Synopses & Reviews
African soldiers recruited in the 1890s to fill the ranks of the German East African colonial army, occupy a unique space at the intersection of East African history, German colonial history, and military history. Violent Intermediaries
recovers and reconsiders the origin and role of these men, and of colonial soldiers more generally. Lauded by Germans for their loyalty during the East Africa campaign of World War I, but reviled by Tanzanians for the violence they committed during the making of the colonial state between 1890 and 1918, the askari have been poorly understood as historical agents. Violent Intermediaries
situates them in their everyday household, community, military, and constabulary contexts, as men who helped make colonialism in German East Africa.
By linking microhistories with wider nineteenth-century African historical processes, Michelle Moyd shows that the construction of the German East African colonial army resulted from convergences and collisions among differing conceptions of masculinity, radical reconfigurations of socioeconomic, political, and military structures, and European imperial incursions. As soldiers and colonial intermediaries, the askari built the colonial state while simultaneously carving out paths to respectability, becoming men of influence within their local contexts. Yet their positions as clients of German officer-patrons also exposed their dependency on a particular political order, which in the case of German East Africa proved ephemeral.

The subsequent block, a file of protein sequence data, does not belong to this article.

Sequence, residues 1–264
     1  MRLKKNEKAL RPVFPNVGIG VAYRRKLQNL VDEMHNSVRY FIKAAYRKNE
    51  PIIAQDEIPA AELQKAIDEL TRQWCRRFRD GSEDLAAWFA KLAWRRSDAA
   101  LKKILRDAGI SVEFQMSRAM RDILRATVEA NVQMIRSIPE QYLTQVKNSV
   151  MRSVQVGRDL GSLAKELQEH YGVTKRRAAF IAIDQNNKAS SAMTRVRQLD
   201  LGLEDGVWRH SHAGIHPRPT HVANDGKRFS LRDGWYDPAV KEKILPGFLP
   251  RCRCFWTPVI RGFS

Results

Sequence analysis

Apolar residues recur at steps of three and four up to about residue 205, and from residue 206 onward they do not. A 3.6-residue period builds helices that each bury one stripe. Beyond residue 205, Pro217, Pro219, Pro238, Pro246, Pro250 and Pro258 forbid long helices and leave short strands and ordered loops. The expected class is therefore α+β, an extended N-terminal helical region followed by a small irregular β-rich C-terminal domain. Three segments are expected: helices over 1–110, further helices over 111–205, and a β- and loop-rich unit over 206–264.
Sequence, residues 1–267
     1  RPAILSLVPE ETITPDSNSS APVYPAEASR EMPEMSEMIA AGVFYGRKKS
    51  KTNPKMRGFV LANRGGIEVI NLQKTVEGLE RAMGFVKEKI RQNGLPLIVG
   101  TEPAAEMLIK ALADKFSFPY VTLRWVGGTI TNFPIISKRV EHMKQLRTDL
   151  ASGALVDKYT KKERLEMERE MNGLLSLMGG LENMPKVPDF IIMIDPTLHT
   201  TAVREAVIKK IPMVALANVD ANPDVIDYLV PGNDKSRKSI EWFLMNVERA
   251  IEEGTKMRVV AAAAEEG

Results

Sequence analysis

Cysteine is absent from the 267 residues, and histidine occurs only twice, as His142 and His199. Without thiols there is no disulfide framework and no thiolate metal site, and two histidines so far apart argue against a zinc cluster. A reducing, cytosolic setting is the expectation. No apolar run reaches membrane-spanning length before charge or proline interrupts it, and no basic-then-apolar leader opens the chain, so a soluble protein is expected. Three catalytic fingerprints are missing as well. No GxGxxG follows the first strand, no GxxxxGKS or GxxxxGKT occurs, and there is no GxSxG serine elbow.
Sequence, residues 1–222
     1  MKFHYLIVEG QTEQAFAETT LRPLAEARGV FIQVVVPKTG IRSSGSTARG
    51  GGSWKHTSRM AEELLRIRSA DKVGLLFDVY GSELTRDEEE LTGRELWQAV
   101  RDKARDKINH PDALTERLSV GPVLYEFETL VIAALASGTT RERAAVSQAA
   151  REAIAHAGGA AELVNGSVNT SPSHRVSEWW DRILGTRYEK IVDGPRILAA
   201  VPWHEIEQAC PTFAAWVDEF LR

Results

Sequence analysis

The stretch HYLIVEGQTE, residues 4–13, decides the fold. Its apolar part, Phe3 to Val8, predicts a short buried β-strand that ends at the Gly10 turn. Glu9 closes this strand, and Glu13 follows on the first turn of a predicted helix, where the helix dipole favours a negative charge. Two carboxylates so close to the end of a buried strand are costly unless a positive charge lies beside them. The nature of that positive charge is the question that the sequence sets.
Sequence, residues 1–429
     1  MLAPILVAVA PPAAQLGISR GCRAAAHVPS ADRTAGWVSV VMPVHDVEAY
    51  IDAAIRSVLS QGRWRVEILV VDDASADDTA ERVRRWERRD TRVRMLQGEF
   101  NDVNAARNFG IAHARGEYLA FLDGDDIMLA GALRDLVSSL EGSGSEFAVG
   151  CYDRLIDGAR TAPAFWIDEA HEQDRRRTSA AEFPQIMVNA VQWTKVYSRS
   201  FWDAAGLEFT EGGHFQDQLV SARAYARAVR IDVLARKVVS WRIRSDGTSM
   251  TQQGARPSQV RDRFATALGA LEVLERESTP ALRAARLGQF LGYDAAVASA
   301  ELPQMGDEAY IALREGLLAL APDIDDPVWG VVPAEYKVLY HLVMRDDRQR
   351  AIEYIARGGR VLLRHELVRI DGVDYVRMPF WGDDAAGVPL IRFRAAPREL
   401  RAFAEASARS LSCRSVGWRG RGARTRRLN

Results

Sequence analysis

Through its focus on the making of empire from the ground up, Violent Intermediaries offers a fresh perspective on African colonial troops as state-making agents and critiques the mythologies surrounding the askari by focusing on the nature of colonial violence.
Moyd examines the askari, African men who fought for the Germancolonial army during the East African campaign of World War I. Their willingness to fight for the Germans cannot be understood withouttaking into account both the social and economic rewards they received and the meaning they attributed to the work, she says. Theiraspirations for respectability tied them and those around them to the colonial state's inherently violent governance practices. Shecovers reconstructing askari realities, recruitment narratives, training and socialization, the askari way of war, station life, askari as agents of everyday colonialism, and making askari myths.Annotation ©2015 Ringgold, Inc., Portland, OR (protoview.com)
About the Author
Michelle R. Moyd is an assistant professor of history at Indiana University. Previously, she has been a resident fellow at the International Research Center of Humboldt University, Germany, and at the Institute for Historical Studies at the University of Texas, Austin. She was also an instructor in the Department of History at the United States Air Force Academy.
Table of Contents
List of Illustrations
A Note on Spellings, Currency, and Measurements
Introduction: Reconstructing Askari Realities
Chapter 1: Becoming Askari
Narratives of Early Schutztruppe
Recruitment in Context
Chapter 2: Making Askari Ways of War
Military Training and Socialization
Chapter 3: The Askari Way of War
Chapter 4: Station Life
Chapter 5: Askari as Agents of Everyday Colonialism
Conclusion: Making Askari Myths